#7 Other –Identifies all other resins but Polylactide (PLA) has become the second highest consumption in volume of any bioplastic of the world. It is a biodegradable polyester derived from corn starch in the US and Canada and tapioca roots in Asia and sugarcane in the rest of the world. Requires significantly less energy to mold into plastic containers. It can be shaped into a variety of bottles, containers, trays, acrylic, nylon, film and other packaging. Common everyday uses of PLA are cups, bags, food packaging and disposable tableware. A perfect material as shrink film going into a heat tunnel to shrink and conform perfectly. Also used in the form of fiber fabrics making this a perfect resin for disposable garments, diapers, feminine hygiene products as well as upholstery and awnings. Used for medical implants in the form of anchors, screws, plates, pins, rods, and as a mesh. Depending on the exact type used, it breaks down inside the body within 6 months to 2 years. PLA degrades into lactic acid in the body. The production of PLA uses 68 percent less fossil fuel resources than traditional plastics and it is the world’s first greenhouse-gas-neutral polymer. The properties of PLA are well suited for the injection stretch blow molding process used to form bottles and jars. PLA is primarily suited for short-shelf-life applications that use cold-filling techniques. It is successful as a bottle resin because of its transparency and its fit with all landfill diversion options.
Resin Clarity is the absence of haze or cloudiness within a resin. PET bottles offer great clarity. Most polypropylene and HDPE bottles do not have clarity.
Post-Consumer Resin (PCR) are recycled plastics which has had a previous life as a commercial item or package, and which has been sorted, cleaned, and reprocessed into resin that can be used for new bottles or items. Petroleum-based and plant-based (bioresins) are the 2 most common used raw plastic materials.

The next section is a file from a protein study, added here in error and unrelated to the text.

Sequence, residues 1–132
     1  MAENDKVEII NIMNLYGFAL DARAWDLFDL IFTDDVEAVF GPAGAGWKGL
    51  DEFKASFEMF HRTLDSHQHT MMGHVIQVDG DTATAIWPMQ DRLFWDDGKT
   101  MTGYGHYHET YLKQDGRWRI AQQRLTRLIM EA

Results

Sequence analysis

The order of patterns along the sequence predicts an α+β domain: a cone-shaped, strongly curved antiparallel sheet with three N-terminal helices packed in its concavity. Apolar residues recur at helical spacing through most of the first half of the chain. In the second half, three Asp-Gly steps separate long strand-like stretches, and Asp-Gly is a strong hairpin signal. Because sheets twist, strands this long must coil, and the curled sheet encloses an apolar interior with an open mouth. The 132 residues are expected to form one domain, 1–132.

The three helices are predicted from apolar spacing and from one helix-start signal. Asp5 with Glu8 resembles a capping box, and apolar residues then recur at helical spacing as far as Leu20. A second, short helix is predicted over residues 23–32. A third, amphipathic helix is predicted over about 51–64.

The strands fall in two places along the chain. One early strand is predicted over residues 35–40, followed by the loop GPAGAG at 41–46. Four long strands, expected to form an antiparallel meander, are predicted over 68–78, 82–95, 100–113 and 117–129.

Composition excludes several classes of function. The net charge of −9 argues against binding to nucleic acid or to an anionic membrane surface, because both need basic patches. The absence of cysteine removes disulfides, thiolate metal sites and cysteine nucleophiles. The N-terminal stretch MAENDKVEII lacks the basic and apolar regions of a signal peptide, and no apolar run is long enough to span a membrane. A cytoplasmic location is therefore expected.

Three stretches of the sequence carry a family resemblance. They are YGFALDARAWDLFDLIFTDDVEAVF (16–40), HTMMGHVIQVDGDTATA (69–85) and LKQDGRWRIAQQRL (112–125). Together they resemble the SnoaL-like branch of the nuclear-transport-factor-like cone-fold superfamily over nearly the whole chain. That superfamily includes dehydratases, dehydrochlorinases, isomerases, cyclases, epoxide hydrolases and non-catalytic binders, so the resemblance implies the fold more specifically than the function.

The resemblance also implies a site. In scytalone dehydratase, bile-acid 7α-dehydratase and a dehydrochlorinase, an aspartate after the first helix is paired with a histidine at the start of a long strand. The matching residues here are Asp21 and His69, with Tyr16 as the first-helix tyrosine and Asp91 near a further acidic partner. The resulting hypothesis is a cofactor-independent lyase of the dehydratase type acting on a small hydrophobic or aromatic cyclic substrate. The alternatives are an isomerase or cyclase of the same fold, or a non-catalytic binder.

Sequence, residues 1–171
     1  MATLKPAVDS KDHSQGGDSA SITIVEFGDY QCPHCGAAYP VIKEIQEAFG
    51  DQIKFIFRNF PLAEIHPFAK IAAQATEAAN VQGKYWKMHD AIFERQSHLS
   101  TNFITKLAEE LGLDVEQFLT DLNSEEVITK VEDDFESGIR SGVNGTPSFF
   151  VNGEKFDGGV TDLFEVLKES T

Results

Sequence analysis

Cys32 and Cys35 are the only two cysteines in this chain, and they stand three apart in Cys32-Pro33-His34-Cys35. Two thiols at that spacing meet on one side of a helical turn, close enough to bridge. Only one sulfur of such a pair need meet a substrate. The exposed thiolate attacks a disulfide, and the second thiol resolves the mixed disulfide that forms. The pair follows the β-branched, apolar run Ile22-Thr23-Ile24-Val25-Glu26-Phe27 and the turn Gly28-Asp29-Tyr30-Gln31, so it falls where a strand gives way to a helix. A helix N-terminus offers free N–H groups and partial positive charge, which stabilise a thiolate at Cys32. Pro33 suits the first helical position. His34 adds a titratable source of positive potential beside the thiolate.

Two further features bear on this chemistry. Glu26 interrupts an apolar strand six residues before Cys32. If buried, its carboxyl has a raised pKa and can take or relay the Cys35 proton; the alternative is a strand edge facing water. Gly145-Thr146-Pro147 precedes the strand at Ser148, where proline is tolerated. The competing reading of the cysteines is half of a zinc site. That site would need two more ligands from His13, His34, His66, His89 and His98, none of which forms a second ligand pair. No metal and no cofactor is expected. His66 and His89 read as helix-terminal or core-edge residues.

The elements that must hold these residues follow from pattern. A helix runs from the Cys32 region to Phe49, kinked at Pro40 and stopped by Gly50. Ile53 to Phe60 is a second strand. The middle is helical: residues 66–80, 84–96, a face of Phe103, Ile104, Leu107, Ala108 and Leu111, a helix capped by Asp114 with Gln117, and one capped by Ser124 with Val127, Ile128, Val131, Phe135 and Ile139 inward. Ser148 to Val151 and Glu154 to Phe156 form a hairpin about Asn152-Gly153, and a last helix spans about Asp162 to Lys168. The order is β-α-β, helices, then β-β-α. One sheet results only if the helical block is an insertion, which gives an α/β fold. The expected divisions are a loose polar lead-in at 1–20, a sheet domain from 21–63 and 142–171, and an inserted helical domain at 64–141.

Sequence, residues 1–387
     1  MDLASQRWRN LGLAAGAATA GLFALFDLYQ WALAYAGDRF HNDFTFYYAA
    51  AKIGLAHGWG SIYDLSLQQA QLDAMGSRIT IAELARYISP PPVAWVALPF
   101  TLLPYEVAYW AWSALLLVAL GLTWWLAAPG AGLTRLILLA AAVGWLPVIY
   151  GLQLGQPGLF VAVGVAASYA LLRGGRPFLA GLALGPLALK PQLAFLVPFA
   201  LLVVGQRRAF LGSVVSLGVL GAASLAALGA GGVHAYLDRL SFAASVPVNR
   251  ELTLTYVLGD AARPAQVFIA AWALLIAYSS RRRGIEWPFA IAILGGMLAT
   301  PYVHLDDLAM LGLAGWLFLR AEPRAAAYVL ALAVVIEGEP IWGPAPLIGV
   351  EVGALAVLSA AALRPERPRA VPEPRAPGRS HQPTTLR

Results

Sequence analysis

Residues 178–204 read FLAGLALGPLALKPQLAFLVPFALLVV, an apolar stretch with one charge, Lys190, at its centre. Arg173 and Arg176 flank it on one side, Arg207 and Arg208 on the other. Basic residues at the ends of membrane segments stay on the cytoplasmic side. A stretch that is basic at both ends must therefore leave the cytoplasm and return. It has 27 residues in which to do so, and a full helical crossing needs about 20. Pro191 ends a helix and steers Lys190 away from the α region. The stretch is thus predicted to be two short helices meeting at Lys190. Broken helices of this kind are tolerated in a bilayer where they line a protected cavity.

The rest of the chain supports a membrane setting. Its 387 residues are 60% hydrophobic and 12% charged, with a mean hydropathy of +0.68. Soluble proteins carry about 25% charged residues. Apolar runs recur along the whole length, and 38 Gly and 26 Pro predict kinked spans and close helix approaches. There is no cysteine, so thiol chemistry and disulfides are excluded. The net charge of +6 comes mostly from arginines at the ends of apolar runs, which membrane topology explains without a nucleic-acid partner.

Common Symbols and Icons used on Cosmetic Products
The ABC’s of your Cosmetic Container
Body is the main part of a container that is a measure of height and width. For bottles, the body is the main portion of the bottle without the neck.
Capacity is the amount of space inside a container to measure the volume that can be placed inside. When a bottle/jar is filled to capacity, the contents is filled to it’s shoulder area.
Closure is a molded or metal cap when properly applied seals off the opening of the bottle to prevent the loss of its contents. Also referred to as a lid. The closure can include special features such as a pump, dropper, sprayer or pour spout.
Thermoplastic is a material repeatedly soften when heated and harden when cooled and often used to make caps and closures.
Mouth is the measured opening at the top of a bottle or jar.
Narrow mouth is a small diameter relative to the diameter of the body. Narrow mouth bottles are typically used for liquids.
Wide mouth has a large opening relative to a large diameter size in relation to capacity.
Neck is the part of a container where the shoulder cross section area starts to decrease to form the finish.
Finish is the plastic forming the opening of a bottle shaped to accommodate a specific closure. It is the portion of the neck which carries the threads, lugs or friction fit members to which the closure is applied, and includes the sealing surface.
Shoulder is the sloped area of a bottle or jar between the neck area and the body of the bottle.
Opaque is a term describing a material or substance which will not transmit light.
Weld or Parting Lines are visible lines on the container where the halves of mold meet when created by two flowing streams of plastic joining together and the cavity is molded.
Base Notch is a term screen printers use when looking for that small indentation or raised portion on on the base of the bottle or jar. Also called a catch or lug. A lug is added in the tooling process when making a mold to help locate a precise point to consistently grab for print registration. The notch is very important and provides a means of positioning the container for perfect registration of multiple ink colors when screen printing.